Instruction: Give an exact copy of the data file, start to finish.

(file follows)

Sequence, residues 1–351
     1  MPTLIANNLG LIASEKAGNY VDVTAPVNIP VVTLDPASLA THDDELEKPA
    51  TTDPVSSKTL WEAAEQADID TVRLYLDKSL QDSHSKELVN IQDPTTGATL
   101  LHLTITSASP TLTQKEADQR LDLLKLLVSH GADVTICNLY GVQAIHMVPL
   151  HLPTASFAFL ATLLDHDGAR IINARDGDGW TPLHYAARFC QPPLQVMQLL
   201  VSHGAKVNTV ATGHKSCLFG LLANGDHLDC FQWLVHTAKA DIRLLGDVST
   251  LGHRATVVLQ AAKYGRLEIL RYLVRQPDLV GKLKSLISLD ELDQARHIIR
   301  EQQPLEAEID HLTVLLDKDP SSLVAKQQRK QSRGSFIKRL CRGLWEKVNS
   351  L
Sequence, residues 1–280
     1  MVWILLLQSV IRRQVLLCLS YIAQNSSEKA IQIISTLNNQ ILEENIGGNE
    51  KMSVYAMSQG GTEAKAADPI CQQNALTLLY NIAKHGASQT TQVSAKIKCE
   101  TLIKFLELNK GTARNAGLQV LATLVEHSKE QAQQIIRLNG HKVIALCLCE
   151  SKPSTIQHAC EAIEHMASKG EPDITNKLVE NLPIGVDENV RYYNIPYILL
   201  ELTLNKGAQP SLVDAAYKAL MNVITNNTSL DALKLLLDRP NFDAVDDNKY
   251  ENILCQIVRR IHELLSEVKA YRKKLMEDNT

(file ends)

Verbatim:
Sequence, residues 1–351
     1  MPTLIANNLG LIASEKAGNY VDVTAPVNIP VVTLDPASLA THDDELEKPA
    51  TTDPVSSKTL WEAAEQADID TVRLYLDKSL QDSHSKELVN IQDPTTGATL
   101  LHLTITSASP TLTQKEADQR LDLLKLLVSH GADVTICNLY GVQAIHMVPL
   151  HLPTASFAFL ATLLDHDGAR IINARDGDGW TPLHYAARFC QPPLQVMQLL
   201  VSHGAKVNTV ATGHKSCLFG LLANGDHLDC FQWLVHTAKA DIRLLGDVST
   251  LGHRATVVLQ AAKYGRLEIL RYLVRQPDLV GKLKSLISLD ELDQARHIIR
   301  EQQPLEAEID HLTVLLDKDP SSLVAKQQRK QSRGSFIKRL CRGLWEKVNS
   351  L
Sequence, residues 1–280
     1  MVWILLLQSV IRRQVLLCLS YIAQNSSEKA IQIISTLNNQ ILEENIGGNE
    51  KMSVYAMSQG GTEAKAADPI CQQNALTLLY NIAKHGASQT TQVSAKIKCE
   101  TLIKFLELNK GTARNAGLQV LATLVEHSKE QAQQIIRLNG HKVIALCLCE
   151  SKPSTIQHAC EAIEHMASKG EPDITNKLVE NLPIGVDENV RYYNIPYILL
   201  ELTLNKGAQP SLVDAAYKAL MNVITNNTSL DALKLLLDRP NFDAVDDNKY
   251  ENILCQIVRR IHELLSEVKA YRKKLMEDNT